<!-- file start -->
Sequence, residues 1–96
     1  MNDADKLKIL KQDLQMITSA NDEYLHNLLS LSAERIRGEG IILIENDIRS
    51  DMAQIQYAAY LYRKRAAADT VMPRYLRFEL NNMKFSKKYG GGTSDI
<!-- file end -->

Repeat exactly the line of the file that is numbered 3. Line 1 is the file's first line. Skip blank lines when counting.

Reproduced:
    51  DMAQIQYAAY LYRKRAAADT VMPRYLRFEL NNMKFSKKYG GGTSDI